People in the animal world — county shelters, humane societies and rescue groups — have the huge job of saving animals. It’s not an easy undertaking, and while different organizations have dissimilar ways of going about saving and adopting animals, we all have the same goal — that is, to save them. It’s heartfelt and gut-wrenching work that we take very seriously in our desire to make a difference for the animals.
The term “no-kill shelter” was coined by a group of individuals from the animal community in order to create an effective way to gather data and set a standard for categorizing animals within the shelter system. The goal was to create a no-kill nation based on the definition of an animal’s adoptability as defined by the animal’s age, health and social temperament. The standards and definitions were set in what is called the Asilomar Accords.
But is no-kill really no-kill?
For me, no-kill means that no animals are killed unless they’re suffering and/or in pain, and nothing can be done to give them quality of life. Then humane euthanasia is a gift that we can give them to alleviate their misery.
Some organizations claim they have a no-kill policy as a means to gain community support by using the no-kill language set by the Asilomar Accords. But unless the organization defines its terms, publishes its statistics and makes the public aware of what they’re doing to save lives, the term “no-kill” is misleading and confusing to a person relinquishing their pet.
Shelters that use the term “no-kill” need to describe what they mean by “no-kill.” I wonder if the general population thinks to Google the definition when they’re considering relinquishing their pet? The Asilomar Accords define what is healthy, what is treatable, what is unhealthy and what is untreatable, but the general public isn’t always aware of the definition. Therefore, there’s a lack of transparency that can result in misunderstanding between the community and animal shelters.
When the average person sees a no-kill policy, the words “of adoptable animals” seems to be left out. Therefore, the person needs to be educated about what no-kill really means. In short, no-kill means an adoptable animal is eight weeks of age or older, healthy and social. If an animal falls short on any of those criteria, it can be killed and the organization can still call itself a no-kill shelter.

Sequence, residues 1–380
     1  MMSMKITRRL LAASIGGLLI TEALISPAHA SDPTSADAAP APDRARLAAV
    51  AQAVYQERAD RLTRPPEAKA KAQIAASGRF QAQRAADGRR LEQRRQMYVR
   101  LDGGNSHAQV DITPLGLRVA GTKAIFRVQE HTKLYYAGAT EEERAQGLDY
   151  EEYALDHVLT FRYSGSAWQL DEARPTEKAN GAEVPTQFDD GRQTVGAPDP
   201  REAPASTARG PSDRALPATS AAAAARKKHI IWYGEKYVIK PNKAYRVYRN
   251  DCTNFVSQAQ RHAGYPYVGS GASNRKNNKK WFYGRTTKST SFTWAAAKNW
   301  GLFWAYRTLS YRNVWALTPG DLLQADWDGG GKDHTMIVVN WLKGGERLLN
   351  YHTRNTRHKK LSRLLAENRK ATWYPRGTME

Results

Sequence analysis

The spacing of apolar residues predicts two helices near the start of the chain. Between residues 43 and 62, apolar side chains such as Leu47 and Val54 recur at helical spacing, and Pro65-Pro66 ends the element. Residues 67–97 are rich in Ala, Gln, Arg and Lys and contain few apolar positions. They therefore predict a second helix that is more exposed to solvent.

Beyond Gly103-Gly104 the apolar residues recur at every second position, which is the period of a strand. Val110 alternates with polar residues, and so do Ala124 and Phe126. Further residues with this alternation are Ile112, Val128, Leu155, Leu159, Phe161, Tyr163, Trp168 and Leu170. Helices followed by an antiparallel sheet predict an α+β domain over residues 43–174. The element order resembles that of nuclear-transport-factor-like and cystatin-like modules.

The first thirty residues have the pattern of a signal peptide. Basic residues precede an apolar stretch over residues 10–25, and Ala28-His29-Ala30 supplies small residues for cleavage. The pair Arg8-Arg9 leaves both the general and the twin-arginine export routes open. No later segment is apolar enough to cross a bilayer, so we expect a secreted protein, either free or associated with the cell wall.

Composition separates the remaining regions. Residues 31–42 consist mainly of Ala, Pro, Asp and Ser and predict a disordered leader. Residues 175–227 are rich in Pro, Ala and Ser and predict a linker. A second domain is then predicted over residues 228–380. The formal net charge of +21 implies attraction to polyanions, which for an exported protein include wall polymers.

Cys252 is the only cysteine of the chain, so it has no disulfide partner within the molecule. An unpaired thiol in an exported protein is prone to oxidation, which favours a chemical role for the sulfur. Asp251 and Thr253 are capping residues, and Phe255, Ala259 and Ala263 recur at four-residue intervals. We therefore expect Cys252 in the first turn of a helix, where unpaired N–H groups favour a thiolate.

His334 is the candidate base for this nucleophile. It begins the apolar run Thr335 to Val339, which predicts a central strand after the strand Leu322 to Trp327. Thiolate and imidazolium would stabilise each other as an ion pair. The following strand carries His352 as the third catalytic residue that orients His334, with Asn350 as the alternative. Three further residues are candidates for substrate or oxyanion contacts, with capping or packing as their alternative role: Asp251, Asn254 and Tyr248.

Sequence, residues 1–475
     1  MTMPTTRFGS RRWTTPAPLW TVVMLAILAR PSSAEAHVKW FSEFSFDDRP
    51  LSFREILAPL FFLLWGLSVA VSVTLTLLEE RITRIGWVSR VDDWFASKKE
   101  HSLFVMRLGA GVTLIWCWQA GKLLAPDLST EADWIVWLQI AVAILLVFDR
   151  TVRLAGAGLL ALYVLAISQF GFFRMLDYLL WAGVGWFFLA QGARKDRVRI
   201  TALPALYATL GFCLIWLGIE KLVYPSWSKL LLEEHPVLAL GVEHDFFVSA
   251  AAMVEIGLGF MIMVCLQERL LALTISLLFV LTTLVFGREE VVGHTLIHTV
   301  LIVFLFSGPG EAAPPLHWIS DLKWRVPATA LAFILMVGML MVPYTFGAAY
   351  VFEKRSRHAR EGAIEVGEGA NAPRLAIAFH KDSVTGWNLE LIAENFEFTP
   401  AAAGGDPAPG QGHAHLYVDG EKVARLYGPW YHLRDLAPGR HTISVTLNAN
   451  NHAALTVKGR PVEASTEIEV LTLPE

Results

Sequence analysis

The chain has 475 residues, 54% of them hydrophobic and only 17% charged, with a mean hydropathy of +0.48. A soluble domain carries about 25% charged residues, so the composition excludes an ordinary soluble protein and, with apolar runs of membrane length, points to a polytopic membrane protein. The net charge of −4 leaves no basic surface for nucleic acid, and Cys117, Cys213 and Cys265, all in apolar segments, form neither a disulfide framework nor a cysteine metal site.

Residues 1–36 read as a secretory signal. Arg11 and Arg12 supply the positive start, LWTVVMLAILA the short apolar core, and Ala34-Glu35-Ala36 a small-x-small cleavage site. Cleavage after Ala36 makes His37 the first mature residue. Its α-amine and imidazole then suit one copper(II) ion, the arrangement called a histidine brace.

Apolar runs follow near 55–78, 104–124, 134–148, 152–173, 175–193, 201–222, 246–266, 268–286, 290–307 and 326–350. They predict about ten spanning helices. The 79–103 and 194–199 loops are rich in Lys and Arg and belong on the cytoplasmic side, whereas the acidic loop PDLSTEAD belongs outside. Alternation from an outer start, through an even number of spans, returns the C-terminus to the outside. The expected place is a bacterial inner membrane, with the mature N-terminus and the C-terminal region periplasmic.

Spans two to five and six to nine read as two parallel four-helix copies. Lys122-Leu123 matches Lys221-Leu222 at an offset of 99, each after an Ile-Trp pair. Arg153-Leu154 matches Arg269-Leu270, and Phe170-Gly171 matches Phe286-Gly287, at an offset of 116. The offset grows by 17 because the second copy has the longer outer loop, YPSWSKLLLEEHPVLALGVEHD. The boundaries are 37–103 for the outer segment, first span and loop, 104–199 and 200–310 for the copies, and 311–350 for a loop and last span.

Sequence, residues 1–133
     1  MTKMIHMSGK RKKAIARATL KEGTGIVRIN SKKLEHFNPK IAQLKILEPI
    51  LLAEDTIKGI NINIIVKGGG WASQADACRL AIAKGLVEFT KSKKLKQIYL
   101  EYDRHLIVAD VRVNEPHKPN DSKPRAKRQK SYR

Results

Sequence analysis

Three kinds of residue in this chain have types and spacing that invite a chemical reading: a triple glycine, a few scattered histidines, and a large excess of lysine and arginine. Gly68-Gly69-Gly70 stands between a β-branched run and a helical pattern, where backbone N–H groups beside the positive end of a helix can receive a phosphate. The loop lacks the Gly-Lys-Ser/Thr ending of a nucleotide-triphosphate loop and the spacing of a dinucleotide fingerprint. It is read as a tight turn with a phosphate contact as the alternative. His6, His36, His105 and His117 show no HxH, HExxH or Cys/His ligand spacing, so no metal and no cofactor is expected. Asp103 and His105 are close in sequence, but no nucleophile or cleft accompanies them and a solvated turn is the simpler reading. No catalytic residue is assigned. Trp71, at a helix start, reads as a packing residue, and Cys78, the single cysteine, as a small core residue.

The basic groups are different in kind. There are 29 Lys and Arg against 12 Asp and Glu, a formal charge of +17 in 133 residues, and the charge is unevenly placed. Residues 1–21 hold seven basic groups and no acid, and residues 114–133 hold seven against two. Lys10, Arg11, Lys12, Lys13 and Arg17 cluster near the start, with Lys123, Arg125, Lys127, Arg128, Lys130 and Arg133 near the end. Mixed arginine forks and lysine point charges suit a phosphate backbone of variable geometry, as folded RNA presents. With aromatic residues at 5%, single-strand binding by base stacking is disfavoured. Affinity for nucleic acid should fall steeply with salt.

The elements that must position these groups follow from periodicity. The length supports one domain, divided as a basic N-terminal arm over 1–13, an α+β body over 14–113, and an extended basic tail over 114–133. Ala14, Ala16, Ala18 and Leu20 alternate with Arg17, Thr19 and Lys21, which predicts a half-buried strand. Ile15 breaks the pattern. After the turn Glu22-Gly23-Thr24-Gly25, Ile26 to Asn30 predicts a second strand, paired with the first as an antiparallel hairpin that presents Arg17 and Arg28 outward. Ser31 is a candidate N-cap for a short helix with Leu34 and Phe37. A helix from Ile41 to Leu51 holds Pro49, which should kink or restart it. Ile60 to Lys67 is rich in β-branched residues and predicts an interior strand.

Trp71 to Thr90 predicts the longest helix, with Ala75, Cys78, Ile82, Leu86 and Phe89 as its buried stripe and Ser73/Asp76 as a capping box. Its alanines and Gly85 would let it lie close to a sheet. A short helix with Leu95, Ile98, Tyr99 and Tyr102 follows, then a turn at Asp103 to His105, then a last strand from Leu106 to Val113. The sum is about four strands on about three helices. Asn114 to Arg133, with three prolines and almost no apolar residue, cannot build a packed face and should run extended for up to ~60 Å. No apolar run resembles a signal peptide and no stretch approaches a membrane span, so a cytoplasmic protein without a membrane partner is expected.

Consider this: A litter of newborn kittens arrives at the shelter with no mother to nurse them. If there is a lack of resources, meaning “there’s no human foster and/or money to provide for them until they reach eight weeks of age,” then the litter can be euthanized. That is not no-kill.
If someone turns in their cat that has kidney failure and there isn’t an individual to take it, provide care and treatment, it may be deemed un-adoptable, and under the Asilomar Accords definition, the cat can be euthanized. That is not no-kill.
Cats or kittens with ringworm, a curable fungus, are often euthanized, even though the condition can be resolved with treatment and time, because there may not be an isolated area to put them without the high risk of spreading throughout the shelter. That is not no-kill.
While community standards are different for shelters based on resources, geography and types of animals, it’s still imperative to be up front on policies in a language that people understand. Transparency may make people think twice before they turn in their animals. While many individuals do have legitimate reasons or life changes that force them to relinquish their pets, they may work harder at finding a home for their kidney cat or senior dog if they’re not misled by organizations claiming to be no-kill.
My thought on the subject is this: Be transparent to the public, and forget about the image of being no-kill when you are misleading the public in order to maintain an image to the community. We can’t expect the shelters to do it all, but we can require them to be open and honest.
And let’s not forget the independent rescue organizations that take on the responsibility of many animals that shelters deem un-adoptable by definition. They often exceed the community standard. and frequently can offer lifesaving attention to an animal. Santa Barbara County is fortunate to have several rescues that take on animals that the shelters cannot.
Again, the work of all animal organizations dedicated to saving lives deserve to be recognized for their heartfelt efforts. But wouldn’t it do the public a better service to be more transparent about what no-kill really means, or, better yet, come up with a better term. Because by this definition, no-kill is not always no-kill.
The author is founder and president of RESQCATS, Inc.